What is the evolution of brewing beer in Japan?
Beer in Japan seems to have had its start in the 17th century during the Edo period when Dutch traders stationed at Dejima in Nagasaki opened a beer hall for sailors working the trade route between Japan and the Dutch Empire.
The Dutch started brewing beer for their own use in Nagasaki during the Edo Period. The first brewery to serve the Japanese market was founded in 1869 in the international port town of Yokohama by a foreign businessman. After changes in ownership, it started producing Kirin-branded beer in 1888. Meanwhile in Sapporo, the government built a beer brewery and established the Sapporo Beer brand in 1876 as part of its efforts to develop the island of Hokkaido. Accordingly, Yokohama and Sapporo vie for the title of birthplace of Japanese beer.
The popularity of beer increased sharply in the second half of the 20th century, and beer has long since overtaken sake as the nation's favorite tipple. In recent decades, some Japanese beers have also gained popularity overseas.
Variations of beer
Because the alcohol laws in Japan dictate that beer be taxed according to its malt content, other beer-like drinks have been created by the Japanese brewers that contain less malt and thus are cheaper to sell. The current three ranks of beer are as follows:
Regular beer with regular malt content. Because of higher taxation, it costs more than the two ranks below.
Happoshu (lit. "sparkling alcohol", also known as low-malt beer) is a relatively recent invention by Japanese brewing companies. It has a similar flavor and alcohol content as beer, but it is made with less malt, which gives it a different, lighter taste. Due to the lower malt content, happoshu is taxed differently than beer and costs less.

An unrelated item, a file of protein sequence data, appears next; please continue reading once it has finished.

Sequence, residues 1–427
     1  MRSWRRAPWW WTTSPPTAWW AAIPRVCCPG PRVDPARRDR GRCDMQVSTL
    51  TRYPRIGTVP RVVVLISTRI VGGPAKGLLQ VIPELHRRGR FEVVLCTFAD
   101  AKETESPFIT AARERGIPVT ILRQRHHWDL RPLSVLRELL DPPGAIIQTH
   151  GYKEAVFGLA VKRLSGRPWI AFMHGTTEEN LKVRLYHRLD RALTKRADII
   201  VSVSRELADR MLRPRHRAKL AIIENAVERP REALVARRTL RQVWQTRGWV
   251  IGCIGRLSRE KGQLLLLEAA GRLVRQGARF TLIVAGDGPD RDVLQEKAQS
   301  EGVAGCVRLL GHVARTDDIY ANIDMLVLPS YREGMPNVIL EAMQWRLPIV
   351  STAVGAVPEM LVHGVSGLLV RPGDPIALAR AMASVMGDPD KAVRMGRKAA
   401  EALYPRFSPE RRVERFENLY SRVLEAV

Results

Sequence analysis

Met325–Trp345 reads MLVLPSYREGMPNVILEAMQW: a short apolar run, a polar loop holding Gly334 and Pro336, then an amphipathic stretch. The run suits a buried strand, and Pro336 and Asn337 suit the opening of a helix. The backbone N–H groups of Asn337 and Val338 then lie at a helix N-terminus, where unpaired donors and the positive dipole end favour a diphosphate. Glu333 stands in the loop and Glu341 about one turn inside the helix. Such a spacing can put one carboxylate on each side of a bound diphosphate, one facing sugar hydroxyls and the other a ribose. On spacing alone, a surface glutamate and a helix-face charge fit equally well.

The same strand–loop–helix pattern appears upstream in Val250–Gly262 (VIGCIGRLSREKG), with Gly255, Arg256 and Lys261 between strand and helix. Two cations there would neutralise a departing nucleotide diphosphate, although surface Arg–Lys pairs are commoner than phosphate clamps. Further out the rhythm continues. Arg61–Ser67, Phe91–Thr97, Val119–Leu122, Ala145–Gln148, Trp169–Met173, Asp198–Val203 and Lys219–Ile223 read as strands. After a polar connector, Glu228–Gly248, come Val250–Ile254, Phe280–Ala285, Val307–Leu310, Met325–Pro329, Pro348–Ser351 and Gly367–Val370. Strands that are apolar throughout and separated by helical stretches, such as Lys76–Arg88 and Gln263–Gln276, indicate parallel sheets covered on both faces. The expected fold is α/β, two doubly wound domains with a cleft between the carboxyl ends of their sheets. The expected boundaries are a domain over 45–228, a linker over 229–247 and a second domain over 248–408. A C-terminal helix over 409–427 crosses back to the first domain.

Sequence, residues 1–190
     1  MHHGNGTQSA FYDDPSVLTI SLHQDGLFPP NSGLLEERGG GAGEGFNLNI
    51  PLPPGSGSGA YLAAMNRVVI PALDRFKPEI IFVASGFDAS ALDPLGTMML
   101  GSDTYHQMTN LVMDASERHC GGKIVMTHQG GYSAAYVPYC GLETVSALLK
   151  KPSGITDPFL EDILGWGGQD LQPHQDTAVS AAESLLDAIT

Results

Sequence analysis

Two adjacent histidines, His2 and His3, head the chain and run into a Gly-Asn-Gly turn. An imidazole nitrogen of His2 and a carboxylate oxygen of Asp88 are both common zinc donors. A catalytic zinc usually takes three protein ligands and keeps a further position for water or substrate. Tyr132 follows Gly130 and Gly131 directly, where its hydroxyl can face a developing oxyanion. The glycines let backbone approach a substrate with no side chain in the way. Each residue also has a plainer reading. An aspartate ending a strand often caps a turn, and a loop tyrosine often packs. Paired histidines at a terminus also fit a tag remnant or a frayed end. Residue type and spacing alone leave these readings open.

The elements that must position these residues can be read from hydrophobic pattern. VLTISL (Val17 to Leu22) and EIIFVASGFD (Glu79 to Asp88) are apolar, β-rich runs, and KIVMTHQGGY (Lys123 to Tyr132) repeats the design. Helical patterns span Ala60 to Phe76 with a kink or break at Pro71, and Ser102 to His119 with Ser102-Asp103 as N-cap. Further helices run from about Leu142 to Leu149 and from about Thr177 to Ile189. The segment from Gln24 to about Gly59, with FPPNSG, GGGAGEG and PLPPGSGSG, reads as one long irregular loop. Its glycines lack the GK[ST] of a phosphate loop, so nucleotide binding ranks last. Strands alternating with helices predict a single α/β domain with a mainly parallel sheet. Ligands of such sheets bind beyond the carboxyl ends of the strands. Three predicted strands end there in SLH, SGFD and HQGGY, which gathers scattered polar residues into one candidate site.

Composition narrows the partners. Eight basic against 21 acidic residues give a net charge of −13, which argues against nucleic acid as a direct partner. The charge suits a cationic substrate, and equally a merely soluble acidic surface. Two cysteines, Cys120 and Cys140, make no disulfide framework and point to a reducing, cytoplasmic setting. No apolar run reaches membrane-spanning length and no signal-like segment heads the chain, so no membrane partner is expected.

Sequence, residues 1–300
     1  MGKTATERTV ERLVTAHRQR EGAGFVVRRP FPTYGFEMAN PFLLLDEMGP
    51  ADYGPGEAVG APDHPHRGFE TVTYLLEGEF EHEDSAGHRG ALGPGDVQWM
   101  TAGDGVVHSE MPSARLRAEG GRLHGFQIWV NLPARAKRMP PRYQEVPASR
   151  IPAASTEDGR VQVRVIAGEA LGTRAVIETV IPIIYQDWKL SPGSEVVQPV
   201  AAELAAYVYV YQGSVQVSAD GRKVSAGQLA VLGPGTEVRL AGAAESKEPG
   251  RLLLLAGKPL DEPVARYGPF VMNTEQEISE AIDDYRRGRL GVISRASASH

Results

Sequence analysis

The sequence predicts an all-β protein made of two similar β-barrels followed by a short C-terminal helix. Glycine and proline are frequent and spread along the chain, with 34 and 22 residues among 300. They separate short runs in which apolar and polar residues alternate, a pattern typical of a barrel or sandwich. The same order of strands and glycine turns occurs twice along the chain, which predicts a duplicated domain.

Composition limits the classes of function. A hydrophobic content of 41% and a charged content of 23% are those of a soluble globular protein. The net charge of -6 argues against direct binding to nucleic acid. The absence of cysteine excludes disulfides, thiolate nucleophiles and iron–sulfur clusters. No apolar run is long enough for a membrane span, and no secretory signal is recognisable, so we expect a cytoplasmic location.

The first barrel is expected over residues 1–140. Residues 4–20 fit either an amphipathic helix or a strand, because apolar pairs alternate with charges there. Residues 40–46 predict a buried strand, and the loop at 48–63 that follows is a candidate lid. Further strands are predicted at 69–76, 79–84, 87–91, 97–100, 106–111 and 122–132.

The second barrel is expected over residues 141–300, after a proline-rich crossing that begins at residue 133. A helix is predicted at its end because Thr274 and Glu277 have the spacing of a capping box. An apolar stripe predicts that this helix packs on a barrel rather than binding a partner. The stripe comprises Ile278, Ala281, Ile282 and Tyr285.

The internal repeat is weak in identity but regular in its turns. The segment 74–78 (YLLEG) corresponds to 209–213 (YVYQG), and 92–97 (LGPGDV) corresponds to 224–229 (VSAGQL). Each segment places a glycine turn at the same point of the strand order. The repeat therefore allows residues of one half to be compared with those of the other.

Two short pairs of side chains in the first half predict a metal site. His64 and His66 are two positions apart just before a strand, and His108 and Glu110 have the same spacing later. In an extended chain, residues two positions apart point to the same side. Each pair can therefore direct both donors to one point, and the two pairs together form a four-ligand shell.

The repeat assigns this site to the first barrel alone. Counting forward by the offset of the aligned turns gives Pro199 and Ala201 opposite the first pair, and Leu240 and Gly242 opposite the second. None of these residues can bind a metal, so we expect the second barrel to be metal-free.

New Genre (Shin Janru)
New genre beer (also known as "third beer" or "daisan no bīru") is the most recent development in the Japanese beer industry. In order to counter tax changes that reclassified the malt content of beer and subsequently raised the price of happoshu, this beer-like beverage contains no malt, instead using pea, soy or wheat spirits. As a result, it can be sold at an even lower price.
Over the coming years, the alcohol tax rate will be incrementally adjusted to be unified into a single one for all beer and beer-like beverages by 2026. This means that the price difference between beer and its less-malt-containing alternatives will narrow.
The craft beer (地ビール, ji-bīru, literally "local beer") scene emerged in the mid-1990s. Up until then, stringent brewing laws granted licenses only to large-scale brewers. This all changed in 1994 when the government drastically relaxed the law, enabling small-scale breweries to thrive. Since then, craft beer has become increasingly popular, with hundreds of microbreweries around the country now selling high-quality regional beer domestically and abroad.
There is a particularly vibrant craft beer scene in the big cities like Tokyo and Osaka, where various dedicated bars sell beer from a particular brewery they are linked to, if not from a selection of breweries. There are also an increasing number of brewpubs that brew and sell their own beer on premises. Many onsen towns also contribute to the national craft beer presence with celebrated local breweries that take advantage of local pure waters. - Beer in Japan
Other informative sources:
History of the Japanese Beer Industry
Brewed in Japan: The Evolution of the Japanese Beer Industry
Hitachino Nest Beer Brewery